bus.maya.com is also a good way to check on times at certain stops. Google transit runs into some issues when it comes to inclines and rivers, so I wouldn't always trust it (it often suggests that I take a quick jaunt down a cliff to catch a bus).

I would definitely suggest trying to walk through either the strip district (Up Penn Ave), or the south side (Carson Street), and just checking out all of the little shops. If there's anything the city of Pittsburgh has going for it, it's the collection of local shops and restaurants--it's actually pretty hard to find most types of chain restaurants without getting out of the city, and Home Depot is the only big-box store within the city limits.
posted by that girl at 1:01 PM on April 8, 2008

Also, just as a point of info. and because you're interested in bikes, you might find Bike Pittsburgh interesting and if you're on flickr -- there's a pretty active Pittsburgh group.
posted by nnk at 1:04 PM on April 8, 2008

Just a note on the "city center" thing-I believe Philadelphia calls their downtown "center city."
posted by Chrysostom at 1:18 PM on April 8, 2008

The Grand Concourse is where we ate - perfectly good food, and yes, the architecture and atmosphere were really memorable!
posted by Miko at 1:47 PM on April 8, 2008

You should spend some time on the South Side (E. Carson St around 13th st). Lots of small indie shops, bars, restaurants, and my favorite Pittsburgh spot of all, Beehive Coffee.
posted by the jam at 1:48 PM on April 8, 2008

a quick search for "Pittsburgh City Center" turns up this Mariott Hotel which, as others have noted, is probably where you are staying.

unless you're *really* into baseball, I would recommend skipping the Pirates game. They stink. and while PNC Park is nice, there's a lot you could be doing (see above) instead of watching them lose. Go to the Science Center instead, see the Bodies exhibit.

for nightlife, if you like the hipster scene, you'll want to check out the brillobox in Lawrenceville, as well as http://www.rockbottomrestaurantsinc.com/RockBottomWeb/ss/pittsburgh.asp">Sing Sing, the dueling piano bar down at the Waterfront.
posted by namewithoutwords at 1:58 PM on April 8, 2008

bah, sorry for the botched link. should be Sing Sing
posted by namewithoutwords at 1:59 PM on April 8, 2008

Also, if you want to get ON the river (Allegheny) I am pretty sure that Kayak Pittsburgh is open despite the fact that their website has not been updated.
posted by nnk at 2:56 PM on April 8, 2008

Whether the Pirates suck or not, a trip to PNC is important just to see what a real ball park should look like.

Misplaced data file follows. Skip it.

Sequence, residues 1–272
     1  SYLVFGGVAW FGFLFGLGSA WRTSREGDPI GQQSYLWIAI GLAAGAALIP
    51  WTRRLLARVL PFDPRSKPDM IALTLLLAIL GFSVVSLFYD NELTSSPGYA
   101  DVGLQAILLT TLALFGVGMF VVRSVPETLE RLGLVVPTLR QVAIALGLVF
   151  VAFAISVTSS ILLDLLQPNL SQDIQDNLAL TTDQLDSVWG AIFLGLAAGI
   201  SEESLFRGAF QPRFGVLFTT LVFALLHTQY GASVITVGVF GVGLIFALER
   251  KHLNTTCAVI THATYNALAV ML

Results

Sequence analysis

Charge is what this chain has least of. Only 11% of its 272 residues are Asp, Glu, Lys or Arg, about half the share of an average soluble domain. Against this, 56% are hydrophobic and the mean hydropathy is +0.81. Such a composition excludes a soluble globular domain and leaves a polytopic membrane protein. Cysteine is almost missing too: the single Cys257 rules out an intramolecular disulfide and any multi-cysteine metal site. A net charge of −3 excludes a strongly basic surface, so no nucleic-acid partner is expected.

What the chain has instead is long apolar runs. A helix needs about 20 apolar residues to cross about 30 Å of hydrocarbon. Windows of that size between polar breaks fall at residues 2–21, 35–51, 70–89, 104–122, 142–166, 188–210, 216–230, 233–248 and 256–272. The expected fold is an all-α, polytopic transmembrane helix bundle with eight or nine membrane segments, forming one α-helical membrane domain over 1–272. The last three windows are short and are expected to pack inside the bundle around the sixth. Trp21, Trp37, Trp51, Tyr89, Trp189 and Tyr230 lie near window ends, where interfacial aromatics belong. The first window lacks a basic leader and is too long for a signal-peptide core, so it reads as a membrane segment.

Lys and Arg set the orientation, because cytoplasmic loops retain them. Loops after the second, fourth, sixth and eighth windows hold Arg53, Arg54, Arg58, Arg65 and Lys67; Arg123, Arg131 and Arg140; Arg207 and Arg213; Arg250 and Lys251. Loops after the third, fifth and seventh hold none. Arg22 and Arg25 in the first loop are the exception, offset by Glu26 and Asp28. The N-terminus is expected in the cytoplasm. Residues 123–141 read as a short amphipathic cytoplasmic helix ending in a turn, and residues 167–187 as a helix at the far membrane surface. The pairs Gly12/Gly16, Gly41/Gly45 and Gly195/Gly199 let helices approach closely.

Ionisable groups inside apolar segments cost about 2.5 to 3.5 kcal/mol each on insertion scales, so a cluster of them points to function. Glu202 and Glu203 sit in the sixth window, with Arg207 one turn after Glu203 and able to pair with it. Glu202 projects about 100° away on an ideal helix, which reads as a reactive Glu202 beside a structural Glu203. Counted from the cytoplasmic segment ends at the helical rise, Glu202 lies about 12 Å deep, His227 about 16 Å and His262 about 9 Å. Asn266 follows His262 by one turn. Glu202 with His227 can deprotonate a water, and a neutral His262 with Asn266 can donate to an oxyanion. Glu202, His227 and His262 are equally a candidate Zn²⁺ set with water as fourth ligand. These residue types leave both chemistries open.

posted by rocket88 at 3:01 PM on April 8, 2008

I wasn't impressed with Dozen's brunch, but I've only been there once and haven't given them a second chance yet. But a few more blocks up Butler (the 3800 block) there is Piccolo Forno, a great Italian place for lunch and dinner, and Coca Cafe, which is funkier fare for lunch and breakfast and Sun brunch.
posted by booth at 3:34 PM on April 8, 2008

Saturday Night Get Your Pittsburgh On:

1) Have dinner on 6th street. This is the heart of the theater district and there are many restaurants to choose from, including Lemongrass and Christos mentioned in this thread. It's easily walking distance from any downtown hotel, but take a winding path and you'll see ALL of downtown Pittsburgh. It's that small.

2) Walk less than 1 block to the Roberto Clemente Bridge. It will be blocked off to traffic, so you can easily cross it and arrive at the ballyard (also less than one block). Remember to give the trumpet player on the bridge a quarter or a buck as you pass.

3) Enjoy a night of subpar baseball. Drink the Yuengling. Don the free Pirates Fleece they give you, cuz the boat might be a little chilly.

4) After the Bucs lose embarassingly, make your way down under the bridge to the river and get on one of the riverboats parked there. It will take you to Station Square.

5) Station Square has a bunch of bars and shops and things. It's a tourist trap, but if you want to get buzzed for the incline, do it here.

6) Across the street from Station Square is the Duquesne Incline. Hop on. Ride it to the top of Mount Washington and look down on our fair city Lit up on a Saturday night. Kissing and/or smoking is encouraged.

7) Take the incline back down Mount Washington and get on the Trolley (also conveniently located at Station Square). Enjoy the lights of our fair city reflected in the Monongehela River as you cross it on a rickety trolley bridge.

8) The second stop is Steel Plaza. Hop off. You're only a couple blocks from home.
posted by stubby phillips at 5:08 PM on April 8, 2008 [1 favorite]

Best answer: Note: I think that the above algorithm describes a Hamiltonian graph. My brother has my graph theory book, so I'm not exactly sure.
posted by stubby phillips at 5:13 PM on April 8, 2008

Best answer: Also Note: If you see a drunk but well dressed 28-year-old guy at the ballpark wrestling with the cops, take a picture. That's probably our mayor.
posted by stubby phillips at 5:34 PM on April 8, 2008 [4 favorites]

Response by poster: Thanks for all the info, everybody.

namewithoutwords - our primary mission is to see a Pirates game. We're huge baseball fans, losers or not.

stubby phillips - look for drunk Luke Ravenstahl, check.

everybody else - thanks. And I did indeed take "City Center" from the Marriott's name. Damn you Marriott!
posted by The Michael The at 7:35 PM on April 8, 2008

I'll reprint here what I wrote in the earlier thread linked by ALongDecember:

If you want to do a couple of things here, though, that you truly cannot do anywhere else, and you have a high tolerance for weirdness, then let me recommend: